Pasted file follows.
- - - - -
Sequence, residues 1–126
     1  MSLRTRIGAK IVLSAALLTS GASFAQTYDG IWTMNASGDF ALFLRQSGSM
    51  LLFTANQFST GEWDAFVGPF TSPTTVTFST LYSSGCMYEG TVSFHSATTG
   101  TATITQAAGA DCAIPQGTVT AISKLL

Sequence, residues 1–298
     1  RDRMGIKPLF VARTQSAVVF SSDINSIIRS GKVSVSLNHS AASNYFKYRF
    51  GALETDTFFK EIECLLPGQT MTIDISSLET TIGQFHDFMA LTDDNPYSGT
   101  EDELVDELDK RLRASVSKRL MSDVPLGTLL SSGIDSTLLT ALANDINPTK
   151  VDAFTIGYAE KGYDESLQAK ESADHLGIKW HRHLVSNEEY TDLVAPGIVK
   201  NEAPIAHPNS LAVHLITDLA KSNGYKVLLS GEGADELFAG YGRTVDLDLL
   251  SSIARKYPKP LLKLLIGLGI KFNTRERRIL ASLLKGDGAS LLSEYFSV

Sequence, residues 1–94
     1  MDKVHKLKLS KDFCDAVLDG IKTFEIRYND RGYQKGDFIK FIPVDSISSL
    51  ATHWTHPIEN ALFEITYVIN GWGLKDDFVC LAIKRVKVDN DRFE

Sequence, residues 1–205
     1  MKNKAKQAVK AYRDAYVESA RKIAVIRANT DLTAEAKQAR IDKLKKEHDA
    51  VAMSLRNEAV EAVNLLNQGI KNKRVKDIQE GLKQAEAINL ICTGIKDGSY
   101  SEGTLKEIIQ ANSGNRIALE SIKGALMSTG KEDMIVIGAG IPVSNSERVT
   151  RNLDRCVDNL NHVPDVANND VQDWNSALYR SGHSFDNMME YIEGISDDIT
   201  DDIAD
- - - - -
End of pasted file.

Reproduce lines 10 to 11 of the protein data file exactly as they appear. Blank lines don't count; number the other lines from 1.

   201  NEAPIAHPNS LAVHLITDLA KSNGYKVLLS GEGADELFAG YGRTVDLDLL
   251  SSIARKYPKP LLKLLIGLGI KFNTRERRIL ASLLKGDGAS LLSEYFSV